Paul Rosenbloom: “Towards Functionally Elegant, Grand Unified Architectures”

March 14, 2012 | Amelia Island, Florida

Speaker: Paul Rosenbloom
Host: 21st Annual Conference on Behavior Representation in Modeling Simulation (BRIMS 2012)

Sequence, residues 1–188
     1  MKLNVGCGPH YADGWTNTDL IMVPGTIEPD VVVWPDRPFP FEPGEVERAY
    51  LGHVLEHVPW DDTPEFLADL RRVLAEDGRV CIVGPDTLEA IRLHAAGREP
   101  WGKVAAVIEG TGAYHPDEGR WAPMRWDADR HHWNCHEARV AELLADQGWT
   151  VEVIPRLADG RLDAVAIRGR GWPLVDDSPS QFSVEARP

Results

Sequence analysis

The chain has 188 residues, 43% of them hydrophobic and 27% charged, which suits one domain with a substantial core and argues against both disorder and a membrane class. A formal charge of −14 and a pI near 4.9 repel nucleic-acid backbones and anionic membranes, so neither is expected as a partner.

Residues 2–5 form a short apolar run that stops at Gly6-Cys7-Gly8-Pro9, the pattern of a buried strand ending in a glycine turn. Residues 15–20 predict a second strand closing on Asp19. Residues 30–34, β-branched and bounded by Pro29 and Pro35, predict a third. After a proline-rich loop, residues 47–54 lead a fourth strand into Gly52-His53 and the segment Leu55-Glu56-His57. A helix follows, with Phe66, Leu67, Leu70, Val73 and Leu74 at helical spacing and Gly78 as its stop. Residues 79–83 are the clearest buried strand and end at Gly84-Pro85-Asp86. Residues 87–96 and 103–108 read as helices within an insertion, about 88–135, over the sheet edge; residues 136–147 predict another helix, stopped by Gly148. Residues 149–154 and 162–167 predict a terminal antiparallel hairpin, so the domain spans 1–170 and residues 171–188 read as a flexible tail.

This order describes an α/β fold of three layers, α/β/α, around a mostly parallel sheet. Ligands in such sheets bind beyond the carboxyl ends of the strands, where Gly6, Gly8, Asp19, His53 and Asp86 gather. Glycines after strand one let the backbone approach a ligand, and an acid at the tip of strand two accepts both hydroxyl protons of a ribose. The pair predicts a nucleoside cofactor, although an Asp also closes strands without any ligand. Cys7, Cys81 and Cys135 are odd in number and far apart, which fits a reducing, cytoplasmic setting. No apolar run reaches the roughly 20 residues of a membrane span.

When developing cognitive architectures, the ultimate goal is typically a unified theory of intelligent behavior, with the working focus then being on integrating across the capabilities implicated within central cognition, and the result being a unified architecture for cognition. What can be called a grand unified architecture sets the bar higher, striving to also include the key non-cognitive aspects of intelligent behavior, such as perception, motor control, personality, motivation and affect. Such architectures can further be considered functionally elegant if they provide the requisite breadth of functionality in a simple and theoretically elegant manner, yielding a form of cognitive Newton’s laws that provides broad coverage from interactions among a small set of general principles/mechanisms. The pursuit of functionally elegant, grand unified architectures provides a challenging research path, yet one that points the way towards rapid progress beyond today’s state of the art, even within the more traditional cognitive focus; and which should also support both deep science and useful systems. I am currently approaching this goal by rethinking architectures from the ground up, leveraging the interactions between a pair of very general mechanisms – graphical models (factor graphs, in particular) and piecewise continuous multivariate functions – to yield a parameterized space of state-of-the-art capabilities over the processing of symbols, probabilities and signals. The availability of this broad parameterized space promises to accelerate the evolution of cognitive architectures by facilitating the exploration of a wider range of the requisite capabilities and their variations; and without the need to explicitly implement a whole new module for each. Work to date – much of which will be summarized here – demonstrates that within the resulting space can be found: standard flavors of long-term memory, such as a procedural rule-based memory and declarative semantic and episodic memories, plus other variations and blends; forms of knowledge-based, decision-theoretic and social problem solving; perception and mental imagery; and key bits of language processing. Much more is still required on many of these topics, and additional capabilities must also be added, but the already proven applicability of graphical models to many of these problems shines a bright light on the path towards their rapid incorporation into such a grand synthesis. It also may help understand other topics – such as personality, motivation and affect – that have not previously been investigated via these kinds of techniques. For some capabilities – such as learning – more principles/mechanisms will likely be required, but functional elegance still looks to be within reach, with the inclusion of only a small number of additional general principles/mechanisms.